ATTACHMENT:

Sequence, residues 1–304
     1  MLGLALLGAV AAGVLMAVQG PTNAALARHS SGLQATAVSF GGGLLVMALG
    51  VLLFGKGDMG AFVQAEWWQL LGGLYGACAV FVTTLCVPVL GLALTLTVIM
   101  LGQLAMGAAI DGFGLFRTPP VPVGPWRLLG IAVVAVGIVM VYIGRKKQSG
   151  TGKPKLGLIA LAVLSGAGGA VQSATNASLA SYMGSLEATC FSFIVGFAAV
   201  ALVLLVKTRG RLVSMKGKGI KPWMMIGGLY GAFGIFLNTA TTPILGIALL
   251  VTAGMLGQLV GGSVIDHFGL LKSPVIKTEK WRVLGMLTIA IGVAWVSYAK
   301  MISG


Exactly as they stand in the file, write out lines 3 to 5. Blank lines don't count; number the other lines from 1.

    51  VLLFGKGDMG AFVQAEWWQL LGGLYGACAV FVTTLCVPVL GLALTLTVIM
   101  LGQLAMGAAI DGFGLFRTPP VPVGPWRLLG IAVVAVGIVM VYIGRKKQSG
   151  TGKPKLGLIA LAVLSGAGGA VQSATNASLA SYMGSLEATC FSFIVGFAAV